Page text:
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Realtor climbs mountains for Greater Victoria women facing violence

Women fleeing violence face ‘perfect storm’ of compounded challenges
Greater Victoria training doesn’t get quite the elevation Sarah Williamson needs to train for her November hike in Ecuador, but the view is nice. (Courtesy of Sarah Williamson)

Sarah Williamson expects to start every day of her Ecuador hiking adventure with tears.

That was the case two years ago when the Greater Victoria real estate agent embarked on her first Royal Lepage Trek for Shelter in B.C.’s Purcell Mountains.

Both gruelling and amazing, each day of that adventure started with a briefing outlining hike details and a reminder of why they were there.

“We had letters sent to us from women or families in shelters,” Williamson recalled.

Every morning a member of the group was nominated to read. The one she recalled most vividly was from a young girl whose mom was killed by her partner.

“It’s just a reminder, it makes everything real,” said Williamson, a member of the South Island Home Team, Royal Lepage Coast Capital Realty.

In a year, the Cridge Centre for the Family supports more than 400 women and children impacted by violence and poverty. The Victoria agency hosts a suite of programs, ranging from supportive and transition housing to the crisis hotline to housing for seniors and a traumatic brain injury support group.

Williamson’s Trek for Shelter in Ecuador serves as a fundraiser, with 80 per cent of her personal proceeds supporting the critical Victoria support. The other 20 per cent goes to an equally important national fund.

READ ALSO: Safe homes open in Victoria for women, children leaving violent situations

“The thing I love about this organization is 100 per cent of the money goes directly to the shelters,” said Williamson, noting fees paid by agents run the foundation, freeing up all money raised to go to charities. “It was an easy choice to get behind that one.”

She’s close to hitting the $10,000 mark.

It’s hard to quantify the impact of that, said Marlene Goley manager of the Cridge Transition House for Women.

There are the predictable costs associated with women fleeing violence and going into a temporary shelter. The temporary nature means they work hard and when they prevail and find housing there are known costs – moving, first grocery shop, hydro hookup, and tenants insurance.

“It can cost $1,000 just out of the gate for a woman to really launch with just the basics,” Goley said. “The list is long and it is all important to help women launch safe lives.”

There’s also the unpredictable. For example, a woman with children finds a job and needs childcare, which requires a sudden deposit. A sadly frequent occurrence is someone in need of immediate help who has found a place to stay the next week but needs a few days’ accommodation. Having shelter foundation funds helps pay for nights in a hostel or other safe place to sleep.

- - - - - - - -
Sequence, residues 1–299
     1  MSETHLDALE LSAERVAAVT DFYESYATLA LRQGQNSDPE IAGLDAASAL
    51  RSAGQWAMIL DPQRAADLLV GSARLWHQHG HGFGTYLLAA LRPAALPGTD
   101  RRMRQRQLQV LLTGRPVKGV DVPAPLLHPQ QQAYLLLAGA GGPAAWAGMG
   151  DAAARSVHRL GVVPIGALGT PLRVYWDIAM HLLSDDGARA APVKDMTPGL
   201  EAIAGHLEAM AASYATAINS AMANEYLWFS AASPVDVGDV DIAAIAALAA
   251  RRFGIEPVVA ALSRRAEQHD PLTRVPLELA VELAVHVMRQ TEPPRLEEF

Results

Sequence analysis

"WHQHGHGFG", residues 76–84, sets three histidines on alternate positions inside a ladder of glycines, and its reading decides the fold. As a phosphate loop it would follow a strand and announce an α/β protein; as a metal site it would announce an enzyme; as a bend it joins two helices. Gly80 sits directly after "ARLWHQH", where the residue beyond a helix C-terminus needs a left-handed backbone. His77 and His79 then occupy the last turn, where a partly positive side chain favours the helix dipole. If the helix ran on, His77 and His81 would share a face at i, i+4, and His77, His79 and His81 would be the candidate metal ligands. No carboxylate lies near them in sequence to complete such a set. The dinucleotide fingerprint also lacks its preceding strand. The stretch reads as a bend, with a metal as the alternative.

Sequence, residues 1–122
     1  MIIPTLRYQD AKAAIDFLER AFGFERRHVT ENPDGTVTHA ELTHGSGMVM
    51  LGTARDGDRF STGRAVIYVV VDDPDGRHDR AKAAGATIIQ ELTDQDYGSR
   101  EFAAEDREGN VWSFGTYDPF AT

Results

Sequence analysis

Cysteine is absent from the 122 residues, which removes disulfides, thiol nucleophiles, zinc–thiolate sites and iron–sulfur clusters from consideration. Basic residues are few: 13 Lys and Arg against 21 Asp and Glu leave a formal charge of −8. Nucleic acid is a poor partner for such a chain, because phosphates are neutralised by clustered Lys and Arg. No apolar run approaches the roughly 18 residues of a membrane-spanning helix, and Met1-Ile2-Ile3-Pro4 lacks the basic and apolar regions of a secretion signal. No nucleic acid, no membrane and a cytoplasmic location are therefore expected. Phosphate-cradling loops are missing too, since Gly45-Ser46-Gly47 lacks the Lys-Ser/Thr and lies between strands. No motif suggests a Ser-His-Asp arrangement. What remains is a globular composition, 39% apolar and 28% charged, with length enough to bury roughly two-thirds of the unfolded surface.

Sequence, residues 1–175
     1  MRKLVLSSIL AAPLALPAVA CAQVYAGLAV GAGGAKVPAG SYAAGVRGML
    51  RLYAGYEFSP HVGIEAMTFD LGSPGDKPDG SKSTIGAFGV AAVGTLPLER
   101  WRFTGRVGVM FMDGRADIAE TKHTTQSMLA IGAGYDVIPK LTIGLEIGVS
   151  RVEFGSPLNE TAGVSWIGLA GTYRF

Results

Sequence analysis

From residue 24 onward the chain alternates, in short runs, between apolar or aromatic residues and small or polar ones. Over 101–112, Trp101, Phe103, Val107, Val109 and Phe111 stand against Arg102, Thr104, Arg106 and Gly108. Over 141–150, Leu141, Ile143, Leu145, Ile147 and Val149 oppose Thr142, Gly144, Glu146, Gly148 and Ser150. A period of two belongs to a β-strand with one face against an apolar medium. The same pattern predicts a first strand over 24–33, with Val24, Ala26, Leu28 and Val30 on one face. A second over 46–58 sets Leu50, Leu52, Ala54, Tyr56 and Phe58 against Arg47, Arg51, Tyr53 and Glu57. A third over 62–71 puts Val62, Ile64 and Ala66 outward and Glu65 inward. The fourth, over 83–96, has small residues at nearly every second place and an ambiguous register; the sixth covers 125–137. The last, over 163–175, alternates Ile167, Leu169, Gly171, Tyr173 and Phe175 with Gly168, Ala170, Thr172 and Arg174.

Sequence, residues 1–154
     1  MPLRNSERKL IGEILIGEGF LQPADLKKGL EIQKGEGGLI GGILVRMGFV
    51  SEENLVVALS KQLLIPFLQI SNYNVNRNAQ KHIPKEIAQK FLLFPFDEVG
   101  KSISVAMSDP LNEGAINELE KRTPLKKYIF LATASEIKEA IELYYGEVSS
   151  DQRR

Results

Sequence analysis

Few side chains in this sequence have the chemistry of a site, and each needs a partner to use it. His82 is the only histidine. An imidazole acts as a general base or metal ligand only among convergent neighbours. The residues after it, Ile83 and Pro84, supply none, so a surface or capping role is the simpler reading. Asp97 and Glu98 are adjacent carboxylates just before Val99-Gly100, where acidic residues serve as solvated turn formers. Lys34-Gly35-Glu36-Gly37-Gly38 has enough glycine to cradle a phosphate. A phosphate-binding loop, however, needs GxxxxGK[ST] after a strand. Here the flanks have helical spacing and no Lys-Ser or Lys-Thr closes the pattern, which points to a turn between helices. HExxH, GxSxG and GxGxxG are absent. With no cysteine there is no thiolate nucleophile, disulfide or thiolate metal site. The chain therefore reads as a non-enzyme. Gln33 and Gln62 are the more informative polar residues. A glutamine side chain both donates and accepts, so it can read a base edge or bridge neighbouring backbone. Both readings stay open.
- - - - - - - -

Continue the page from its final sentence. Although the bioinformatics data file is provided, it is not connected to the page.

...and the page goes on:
“I always say that these funds make the impossible possible,” Goley said.

“The kind of funds that Sarah is raising not only helps women in this very practical way but it also gives women a very powerful message that there is a community supporting the effort to stop the violence in their lives. That’s huge … it really is such an important message for women to hear especially when they’re feeling their most vulnerable,” Goley said.

Williamson’s contribution comes at a time when the numbers are trending upward – for a variety of reasons.

“The numbers have always been too high,” Goley noted. They could be higher because of awareness, rise in prevalence, or people are feeling more empowered. Likely all compounded by the housing crisis and high cost of living leaving women staying longer because it’s harder to find a home, Goley said. There have been times this year when Cridge has had to put a hold on adding names to the waitlist because it was just too unrealistic to hope beds would be available.

“The fact remains we’ve had a longer wait list for a longer period of time than we’ve ever had,” she said. “It’s just a perfect storm.”

READ ALSO: Elves needed for Cridge Centre Christmas Hamper campaign

The physical and mental challenges of the Royal Lepage trips are one reason Williamson chooses to raise funds and awareness that way.

“I’m motivated by being able to be part of a small change we can all work towards,” she said. “It’s not meant to be a beach holiday, it’s hard.”

The Ecuador trek to the top of a mountain with strangers for five days – with its added elevation issues – provides just an inkling of what women fleeing violence might feel.

“They’re just stepping out into who knows what’s going to happen. It’s got to be terrifying,” Williamson said.

“I could cut a cheque but it’s just not the same thing. We’re pushed out of our comfort zone for four or five days, but imagine doing this with three or four kids and a death threat over your head.”

Donate online at from now until Nov. 10. Royal LePage Shelter Foundation issues tax receipts in February for all donations of $20 or more.

If you or someone you know needs help, call 250-479-3963 at any time. Visit referral for help creating a safety plan.

Sarah Williamson expects to start every day of her second Royal Lepage Trek for Shelter with tears and purpose, much like she did in the Purcells in 2021 (pictured). (Courtesy of Sarah Williamson)

Christine van Reeuwyk

About the Author: Christine van Reeuwyk

I'm dedicated to serving the community of Oak Bay as a senior journalist with the Greater Victoria news team.
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